Artist Spotlight: Christie Younger
Christie Younger is back with an exclusive release of her Lilies series. We recently had the pleasure of chatting with Christie about this series as well as her artwork and process as a whole.
1. Floral still lifes are something you are most known for, what sparked you to create a lily series?
Actually the first two paintings I ever painted as an adult who was just starting to experiment with all of this were water lilies. I hate to say this out loud because it sounds so cliche, but I really was inspired by Monet. My sister had a Monet print in her room growing up and I've always been in love. The water lilies are a way for me to play with color and light in a fun whimsical way with slight representation. I chose to keep pursuing this subject also because of the symbolism that took shape in my mind. Water lilies have different symbolic meanings among different cultures. They can symbolize rebirth and renewal, purity, fertility, and hope, to name a few. To me, they take on their own meaning. They represent beauty that grows out of hardship. The lilies are born from dark, cold, muddy, mucky, disgusting pond floors full of debris and detritus. They push through all of that to emerge into the sunlight. Not only do they exist, they inspire. Of course I'm personifying them to represent us. I truly believe that hardship is what makes us deep and complicated creatures. Without it, what are we? We are defined by the moments in our life that cause difficulties and it's how we arise from the dirt that makes us shine and inspire others. This is what the Lilies and Lotuses collection means to me.
2. Like most successful artists, the value of your art continually increases, can you speak to what helps drive this?
This is one of the hardest questions to answer!! And one of the hardest decisions artists have to make. How to price art is a heavily debated topic. How do you assign value to something that is so incredibly subjective in nature? Many artists out price themselves from the get go without much substance behind their decision and it is hard for people to react positively to that. For me, I've always relied on the law of supply and demand as well as working my butt off to make art that is truly authentic and true to myself. I started out low and have gradually increased my prices as demand increases. As to why the demand continues to increase is up for debate. However I believe it is due to the quality of my work. I think it is unique and one of a kind which has gained the attention of many and resonates strongly with my clients and collectors. I have also been very fortunate to work with the right people in this industry, galleries that truly care about art and matching clients with the right pieces. I've had the privilege of many shows and exhibits at my brick and mortar galleries which leads to more exposure, thus an increase in demand and price. My large social media following and other media outlets, has allowed people from all over the United States and world to be exposed to my work. Some examples are various articles and features in publications such as Artists and Illustrators Magazine in the UK, Southern Living, Raleigh Magazine, Our State Magazine, etc. Another really cool opportunity was being part of HGTV's Love It or List it a few years ago where my art was featured in many episodes and designs. One of my favorite exhibits thus far and in progress right now, is having my art displayed all over the Historic Mills House Hotel in Charleston. Commissions are also something I've done in the past however my waitlist has increased from a 6 month wait to a year long wait now and quite possibly longer. All of those factors contribute to deciding prices. There is only one rule when pricing art... you can always go up but you can never go back down. Art should be an investment and I definitely treat mine as such.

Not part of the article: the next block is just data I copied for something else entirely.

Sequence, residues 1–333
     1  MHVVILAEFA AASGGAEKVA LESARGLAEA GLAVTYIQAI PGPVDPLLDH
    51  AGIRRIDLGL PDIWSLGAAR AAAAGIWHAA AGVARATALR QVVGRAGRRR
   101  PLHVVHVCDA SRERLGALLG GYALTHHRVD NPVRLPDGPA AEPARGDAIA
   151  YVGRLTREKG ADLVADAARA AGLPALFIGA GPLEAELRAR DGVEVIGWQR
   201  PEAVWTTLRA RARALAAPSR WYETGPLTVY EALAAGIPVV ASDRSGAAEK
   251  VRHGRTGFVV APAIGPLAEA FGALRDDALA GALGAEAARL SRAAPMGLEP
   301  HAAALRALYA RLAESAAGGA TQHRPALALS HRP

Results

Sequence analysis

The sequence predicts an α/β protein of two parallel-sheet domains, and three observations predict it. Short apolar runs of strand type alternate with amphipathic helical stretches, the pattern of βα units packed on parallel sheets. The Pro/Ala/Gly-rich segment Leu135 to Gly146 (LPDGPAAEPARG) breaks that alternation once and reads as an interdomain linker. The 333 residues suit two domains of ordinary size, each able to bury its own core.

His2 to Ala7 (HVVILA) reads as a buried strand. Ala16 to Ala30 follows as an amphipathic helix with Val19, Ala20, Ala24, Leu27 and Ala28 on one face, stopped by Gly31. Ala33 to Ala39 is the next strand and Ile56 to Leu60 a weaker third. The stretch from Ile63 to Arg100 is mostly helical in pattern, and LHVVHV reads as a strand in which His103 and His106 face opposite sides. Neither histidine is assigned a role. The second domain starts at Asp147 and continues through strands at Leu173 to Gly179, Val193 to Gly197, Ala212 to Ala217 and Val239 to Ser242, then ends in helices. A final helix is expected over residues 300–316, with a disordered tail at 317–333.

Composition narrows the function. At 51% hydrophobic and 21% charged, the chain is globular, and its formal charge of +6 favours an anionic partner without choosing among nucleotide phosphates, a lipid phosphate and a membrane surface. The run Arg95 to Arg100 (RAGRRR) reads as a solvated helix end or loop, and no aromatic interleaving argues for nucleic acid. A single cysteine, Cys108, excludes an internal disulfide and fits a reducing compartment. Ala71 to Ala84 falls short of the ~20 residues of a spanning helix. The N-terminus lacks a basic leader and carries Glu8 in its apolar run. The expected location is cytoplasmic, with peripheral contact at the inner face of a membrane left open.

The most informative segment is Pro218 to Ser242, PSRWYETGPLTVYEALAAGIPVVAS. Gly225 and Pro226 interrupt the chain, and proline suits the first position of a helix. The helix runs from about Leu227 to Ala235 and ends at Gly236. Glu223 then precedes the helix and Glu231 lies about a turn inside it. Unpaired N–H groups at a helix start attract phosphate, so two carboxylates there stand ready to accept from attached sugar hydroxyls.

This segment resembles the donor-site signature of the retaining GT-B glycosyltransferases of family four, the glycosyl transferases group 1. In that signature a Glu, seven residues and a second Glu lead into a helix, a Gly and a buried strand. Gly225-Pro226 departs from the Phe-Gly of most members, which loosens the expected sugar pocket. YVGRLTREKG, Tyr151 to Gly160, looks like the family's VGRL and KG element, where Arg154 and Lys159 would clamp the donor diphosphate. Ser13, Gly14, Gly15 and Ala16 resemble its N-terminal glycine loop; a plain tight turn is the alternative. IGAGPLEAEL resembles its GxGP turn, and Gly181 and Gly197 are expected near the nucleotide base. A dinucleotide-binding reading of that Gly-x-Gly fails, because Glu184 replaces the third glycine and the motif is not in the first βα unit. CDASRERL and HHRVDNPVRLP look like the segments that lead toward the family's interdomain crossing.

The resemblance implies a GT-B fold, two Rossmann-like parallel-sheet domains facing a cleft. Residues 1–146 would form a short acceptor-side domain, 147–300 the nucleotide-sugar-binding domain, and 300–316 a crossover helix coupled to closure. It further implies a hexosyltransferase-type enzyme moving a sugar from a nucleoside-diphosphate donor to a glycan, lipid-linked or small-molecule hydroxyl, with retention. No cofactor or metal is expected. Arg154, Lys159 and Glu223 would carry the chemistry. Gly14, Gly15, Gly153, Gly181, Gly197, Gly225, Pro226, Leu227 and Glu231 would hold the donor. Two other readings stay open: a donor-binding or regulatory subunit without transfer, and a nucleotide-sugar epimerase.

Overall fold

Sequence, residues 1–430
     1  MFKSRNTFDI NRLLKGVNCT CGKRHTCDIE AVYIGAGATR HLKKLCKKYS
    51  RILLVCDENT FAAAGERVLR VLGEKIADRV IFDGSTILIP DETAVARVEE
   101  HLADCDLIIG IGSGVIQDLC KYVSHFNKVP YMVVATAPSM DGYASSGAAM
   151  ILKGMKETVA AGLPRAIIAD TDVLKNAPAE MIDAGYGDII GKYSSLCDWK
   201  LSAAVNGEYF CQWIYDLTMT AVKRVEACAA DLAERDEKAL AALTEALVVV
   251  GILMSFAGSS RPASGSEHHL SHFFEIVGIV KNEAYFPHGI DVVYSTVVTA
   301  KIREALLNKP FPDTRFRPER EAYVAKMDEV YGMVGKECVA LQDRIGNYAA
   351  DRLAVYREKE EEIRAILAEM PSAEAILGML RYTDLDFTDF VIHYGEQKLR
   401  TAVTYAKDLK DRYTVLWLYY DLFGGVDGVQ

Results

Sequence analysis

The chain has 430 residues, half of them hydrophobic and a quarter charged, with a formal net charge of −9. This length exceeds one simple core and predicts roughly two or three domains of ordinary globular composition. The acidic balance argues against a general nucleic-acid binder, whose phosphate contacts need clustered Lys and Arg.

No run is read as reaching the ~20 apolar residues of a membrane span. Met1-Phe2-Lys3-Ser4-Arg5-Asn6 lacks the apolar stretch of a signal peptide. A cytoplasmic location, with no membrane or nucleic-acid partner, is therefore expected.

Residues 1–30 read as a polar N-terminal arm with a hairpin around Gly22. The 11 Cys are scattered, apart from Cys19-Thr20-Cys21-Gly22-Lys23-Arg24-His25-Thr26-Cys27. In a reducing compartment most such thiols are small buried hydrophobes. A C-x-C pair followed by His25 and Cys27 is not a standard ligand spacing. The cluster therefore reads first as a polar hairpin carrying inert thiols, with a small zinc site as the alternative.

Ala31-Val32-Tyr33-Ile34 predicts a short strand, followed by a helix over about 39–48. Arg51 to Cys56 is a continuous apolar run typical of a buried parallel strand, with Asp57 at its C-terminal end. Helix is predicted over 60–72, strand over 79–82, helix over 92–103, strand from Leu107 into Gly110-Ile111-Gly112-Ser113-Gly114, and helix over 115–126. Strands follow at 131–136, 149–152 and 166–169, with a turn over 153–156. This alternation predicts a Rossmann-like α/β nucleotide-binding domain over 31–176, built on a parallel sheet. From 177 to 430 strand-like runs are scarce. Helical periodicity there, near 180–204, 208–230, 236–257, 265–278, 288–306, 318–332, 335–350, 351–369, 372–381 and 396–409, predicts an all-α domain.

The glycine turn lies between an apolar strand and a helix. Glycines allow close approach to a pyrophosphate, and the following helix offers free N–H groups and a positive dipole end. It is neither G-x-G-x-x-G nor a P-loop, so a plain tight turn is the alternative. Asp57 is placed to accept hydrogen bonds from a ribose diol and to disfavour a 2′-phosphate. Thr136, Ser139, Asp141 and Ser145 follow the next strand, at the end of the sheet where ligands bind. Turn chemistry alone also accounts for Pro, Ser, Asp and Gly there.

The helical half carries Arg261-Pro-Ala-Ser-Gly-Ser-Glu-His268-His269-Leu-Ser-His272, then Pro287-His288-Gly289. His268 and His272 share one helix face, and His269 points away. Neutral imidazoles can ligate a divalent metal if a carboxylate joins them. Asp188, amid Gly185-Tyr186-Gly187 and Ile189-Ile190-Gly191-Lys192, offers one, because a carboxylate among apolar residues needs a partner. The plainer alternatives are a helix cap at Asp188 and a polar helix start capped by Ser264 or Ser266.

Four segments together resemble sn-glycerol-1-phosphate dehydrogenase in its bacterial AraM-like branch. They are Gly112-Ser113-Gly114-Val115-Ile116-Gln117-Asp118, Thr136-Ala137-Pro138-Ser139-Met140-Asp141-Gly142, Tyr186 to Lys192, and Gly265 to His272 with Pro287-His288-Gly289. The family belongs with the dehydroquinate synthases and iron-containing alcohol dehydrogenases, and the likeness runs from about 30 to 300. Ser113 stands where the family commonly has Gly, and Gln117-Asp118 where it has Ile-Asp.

3. You were born and raised in North Carolina, is this beautiful landscape the inspiration for most of your work?
4. When you put that first bit of paint on the canvas do you know what you want the finished piece to look like? Or does the palette knife have a mind of its own?
Sometimes yes and sometimes no. Most of the time I have an idea but, yes, the paintings usually take on their own existence apart from my original intentions. I think the coolest part of working through a painting is finding the balance between all the factors at play. For me, my paintings start out as just a thought in my mind. Then it becomes a transfer of energy in which the thought is transformed into your hands and then into the brush or palette knife and into the paint and onto the canvas. There are all sorts of things that can happen along the way. It's a constant push and pull. I love figuring it out, working through problems, and discovering new things as I paint. Then all of the energy that went into the finished painting is stored until someone views it and absorbs its unending supply. New emotions are formed and at that point, the painting truly takes on whatever meaning is assigned to it from the viewer, giving it a life of its own.
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